Of course, there are some challenges associated with the new model. Personally, the biggest one has been financial. The LPP prides itself on having surprise assignments and tight deadlines that replicate the atmosphere of a traditional legal working environment. The LPP has also strongly discouraged its candidates from taking on paid employment and, given the setup, it would be difficult or even impossible to balance the demands of the LPP and that of employment. This creates, in some cases, an insurmountable challenge, especially for those supporting families and those of us who carry large debt loads from our previous studies. To ensure access to the program and that candidates can focus on the work, it will be important to either modify the first phase of the program in such a way that allows candidates to have jobs on the side or to build new relationships with loan providers, including government student loan providers, to ensure funding is available to those who need it. I’d like to see this among the top priorities for the second year of the LPP and believe it is an achievable goal.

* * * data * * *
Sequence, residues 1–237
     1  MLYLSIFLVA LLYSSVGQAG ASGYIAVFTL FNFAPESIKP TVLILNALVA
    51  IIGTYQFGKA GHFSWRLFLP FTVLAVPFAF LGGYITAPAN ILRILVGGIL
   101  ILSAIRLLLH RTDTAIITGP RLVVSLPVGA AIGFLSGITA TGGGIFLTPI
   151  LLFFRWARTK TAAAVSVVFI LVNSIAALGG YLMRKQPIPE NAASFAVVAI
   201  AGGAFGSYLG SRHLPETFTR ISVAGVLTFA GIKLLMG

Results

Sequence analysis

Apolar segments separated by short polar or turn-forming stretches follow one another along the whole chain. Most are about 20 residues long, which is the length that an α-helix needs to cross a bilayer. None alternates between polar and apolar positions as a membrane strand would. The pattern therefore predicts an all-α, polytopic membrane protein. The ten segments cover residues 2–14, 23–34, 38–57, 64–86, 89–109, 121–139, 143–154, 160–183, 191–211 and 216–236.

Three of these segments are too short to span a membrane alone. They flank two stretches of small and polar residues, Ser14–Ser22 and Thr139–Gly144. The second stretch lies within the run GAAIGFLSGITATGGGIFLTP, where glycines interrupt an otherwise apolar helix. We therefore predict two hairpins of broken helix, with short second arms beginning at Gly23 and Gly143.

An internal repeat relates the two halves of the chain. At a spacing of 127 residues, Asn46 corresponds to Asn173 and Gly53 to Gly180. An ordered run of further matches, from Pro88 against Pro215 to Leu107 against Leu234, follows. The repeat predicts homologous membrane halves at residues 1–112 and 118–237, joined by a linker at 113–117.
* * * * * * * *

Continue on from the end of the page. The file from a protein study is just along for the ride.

All things considered, we are off to a great start with the LPP. Without this opportunity, I might not have been able to obtain my licence or I might have had to take unpaid positions or even seek opportunities outside Ontario. As of this writing, we are in the early weeks of the program and there is great reason to be optimistic about its future. I have met so many great people from all over Canada and the world. This is a group that is diverse and accomplished. This is a group poised and ready to make a positive, lasting contribution to the legal profession. While there are some out there who believe those of us in the LPP will be stigmatized for having not gone through the traditional articling route, it’s important to remember legal education and training is always evolving.
The LPP is new to Ontario but similar models have proven successful in other jurisdictions, such as in Alberta, Saskatchewan, and Manitoba. As one of my colleagues said, the proof of the pudding is in the eating and this will take some time, great effort, and the ongoing development of the program and its candidates. Don’t bet against us. The future is, as always, bright.
Matt Hopkins is part of the Law Practice Program at Ryerson University and soon to be a lawyer in the City of Barrie.